Mining lithium not only generates environmental concerns, but chemical conversion for battery use is a major challenge
In the middle of July, as COVID-19 restrictions relaxed, Guy Laliberté, chief executive of Sayona Quebec — the company that aims to be the next lithium producer in Canada — was meeting with an opponent of his project.
Last month, the company announced a Quebec Superior Court approved a deal for Sayona Quebec to purchase North American Lithium’s former assets, which includes the La Corne mine, a concentrator and a chemical plant for $94 million in cash plus a range of conditions — pennies on the dollar given the company says previous owners invested around $400 million.
The deal is not expected to close until August, but Sayona aims to start producing lithium by early 2023, a tight time schedule that will require a range of work.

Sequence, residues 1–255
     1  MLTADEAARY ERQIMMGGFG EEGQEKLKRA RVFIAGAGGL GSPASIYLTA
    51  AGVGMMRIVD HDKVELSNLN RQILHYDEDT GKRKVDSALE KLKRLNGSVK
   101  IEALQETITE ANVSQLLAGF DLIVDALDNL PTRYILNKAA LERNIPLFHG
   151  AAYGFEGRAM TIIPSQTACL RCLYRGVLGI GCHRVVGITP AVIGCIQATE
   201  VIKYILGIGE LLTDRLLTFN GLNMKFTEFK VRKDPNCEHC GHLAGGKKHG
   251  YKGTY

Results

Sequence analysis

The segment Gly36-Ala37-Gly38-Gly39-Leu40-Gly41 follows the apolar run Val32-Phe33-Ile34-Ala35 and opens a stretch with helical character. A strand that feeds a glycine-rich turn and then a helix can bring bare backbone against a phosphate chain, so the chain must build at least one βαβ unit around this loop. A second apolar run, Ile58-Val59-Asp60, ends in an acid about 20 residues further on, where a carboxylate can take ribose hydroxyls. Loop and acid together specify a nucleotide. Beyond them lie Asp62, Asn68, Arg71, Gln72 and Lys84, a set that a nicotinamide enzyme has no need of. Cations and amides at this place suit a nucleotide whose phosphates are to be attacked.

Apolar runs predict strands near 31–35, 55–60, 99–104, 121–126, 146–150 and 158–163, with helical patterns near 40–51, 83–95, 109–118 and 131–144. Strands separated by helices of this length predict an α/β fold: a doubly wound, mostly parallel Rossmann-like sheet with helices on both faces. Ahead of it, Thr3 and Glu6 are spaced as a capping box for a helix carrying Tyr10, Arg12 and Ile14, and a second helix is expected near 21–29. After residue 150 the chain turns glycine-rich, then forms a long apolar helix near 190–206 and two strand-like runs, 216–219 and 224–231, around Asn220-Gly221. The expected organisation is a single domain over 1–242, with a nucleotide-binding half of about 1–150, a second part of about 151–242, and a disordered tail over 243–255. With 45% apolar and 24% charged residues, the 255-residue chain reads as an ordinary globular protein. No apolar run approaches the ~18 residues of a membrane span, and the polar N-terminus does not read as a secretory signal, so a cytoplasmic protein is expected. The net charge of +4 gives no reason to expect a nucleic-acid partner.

Last week, Laliberté lunched with Steeve Mathias, Chief of the Long Point First Nation, located near Lake Simard in western Quebec, who in May wrote a letter to two provincial ministers calling for an immediate halt to Sayona’s exploration on “Anishnabeg unceded ancestral territory.”
“We are facing some opposition of course,” Laliberté told the Financial Post. “But I think more and more, the communities are involved, and they are very concerned about what we do with the forests and nature and hunting and what we do for their traditional activities.”